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May 8, 2014

No. 1 Question seminar urges parents to help prevent youth drug abuse

Parents looking for possible sources of drug abuse by their children should look no further than their own medicine cabinet, say those who deal with substance abuse problems daily.

Parents looking for possible sources of drug abuse by their children should look no further than their own medicine cabinet, say those who deal with substance abuse problems daily.

“We are our own kids’ drug dealers,” said Janet Martini, executive director of Keystone Substance Abuse Services at Thursday’s No. 1 Question seminar in Rock Hill, focusing on prescription drug abuse by children.

Children will take prescriptions for their parents or themselves and over-medicate or share the pills with others. Studies show that children don’t know it is illegal to share prescription drugs and don’t know the drugs can be addictive, while their parents are unaware of how to safely dispose of unused prescriptions, said Sgt. Allen Cantey, commander of the Rock Hill Police drug enforcement unit.

Martini, Cantey and Ouida Dest, a deputy solicitor for the 16th Circuit specializing in juvenile prosecution, discussed prescription drug abuse with more than 75 educators and business leaders at the annual No. 1 Question seminar which is sponsored by the Rock Hill’s Commission of Children and Youth.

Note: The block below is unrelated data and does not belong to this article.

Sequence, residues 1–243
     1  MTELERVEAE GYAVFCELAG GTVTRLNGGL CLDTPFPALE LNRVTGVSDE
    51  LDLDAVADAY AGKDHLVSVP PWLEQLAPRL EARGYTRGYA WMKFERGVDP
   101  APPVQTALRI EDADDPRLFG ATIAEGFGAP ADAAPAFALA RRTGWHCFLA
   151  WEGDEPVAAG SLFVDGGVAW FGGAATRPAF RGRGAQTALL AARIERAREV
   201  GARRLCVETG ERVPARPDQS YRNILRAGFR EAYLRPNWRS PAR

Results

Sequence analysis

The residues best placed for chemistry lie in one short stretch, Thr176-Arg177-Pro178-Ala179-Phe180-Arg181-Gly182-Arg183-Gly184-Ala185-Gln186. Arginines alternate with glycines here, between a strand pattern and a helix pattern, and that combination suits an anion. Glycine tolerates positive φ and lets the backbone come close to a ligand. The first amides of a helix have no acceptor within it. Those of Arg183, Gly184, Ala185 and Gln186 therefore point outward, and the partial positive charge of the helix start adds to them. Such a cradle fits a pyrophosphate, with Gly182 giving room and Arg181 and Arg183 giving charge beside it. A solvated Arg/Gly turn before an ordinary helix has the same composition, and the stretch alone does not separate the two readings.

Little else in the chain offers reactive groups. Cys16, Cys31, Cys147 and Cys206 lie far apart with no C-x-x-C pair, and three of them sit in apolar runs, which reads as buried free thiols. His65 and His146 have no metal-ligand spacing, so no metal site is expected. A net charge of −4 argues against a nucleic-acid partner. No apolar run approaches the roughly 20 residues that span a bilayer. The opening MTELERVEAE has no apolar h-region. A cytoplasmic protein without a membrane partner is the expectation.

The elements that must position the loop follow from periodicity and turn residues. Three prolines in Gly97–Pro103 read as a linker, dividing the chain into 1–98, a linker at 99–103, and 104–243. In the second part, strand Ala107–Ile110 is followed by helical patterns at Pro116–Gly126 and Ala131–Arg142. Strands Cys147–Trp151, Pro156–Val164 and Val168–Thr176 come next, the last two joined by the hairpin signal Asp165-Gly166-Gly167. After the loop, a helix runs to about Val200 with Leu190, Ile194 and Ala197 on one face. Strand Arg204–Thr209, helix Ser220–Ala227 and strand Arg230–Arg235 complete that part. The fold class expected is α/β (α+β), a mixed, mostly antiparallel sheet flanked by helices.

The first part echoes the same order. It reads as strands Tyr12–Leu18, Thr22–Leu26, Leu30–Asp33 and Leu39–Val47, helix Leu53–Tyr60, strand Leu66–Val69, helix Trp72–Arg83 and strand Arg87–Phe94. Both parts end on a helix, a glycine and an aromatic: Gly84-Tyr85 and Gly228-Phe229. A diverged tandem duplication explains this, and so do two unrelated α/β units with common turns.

According to national statistics, almost 20 percent of adults ages 18 through 25 abuse prescription drugs. In York County, 60 percent of high school juniors surveyed said they saw no or only a slight risk from using marijuana and 40 percent said they saw no or only a slight risk from alcohol.

To combat drug abuse, speakers said the first line of defense is parents. They have the most influence over their child and should not be afraid to talk to their child as early as third or fourth grade about the issue. Martini noted the youngest patient for alcohol abuse at Keystone was 10 years old.

Signs of possible drug abuse, speakers said, are any change in behavior such as falling grades, a change in mood or in the way one dresses, Martini said.

Parents also need to be good parents, Cantey said, asking their children where they are going and who their friends are, getting first and last names.

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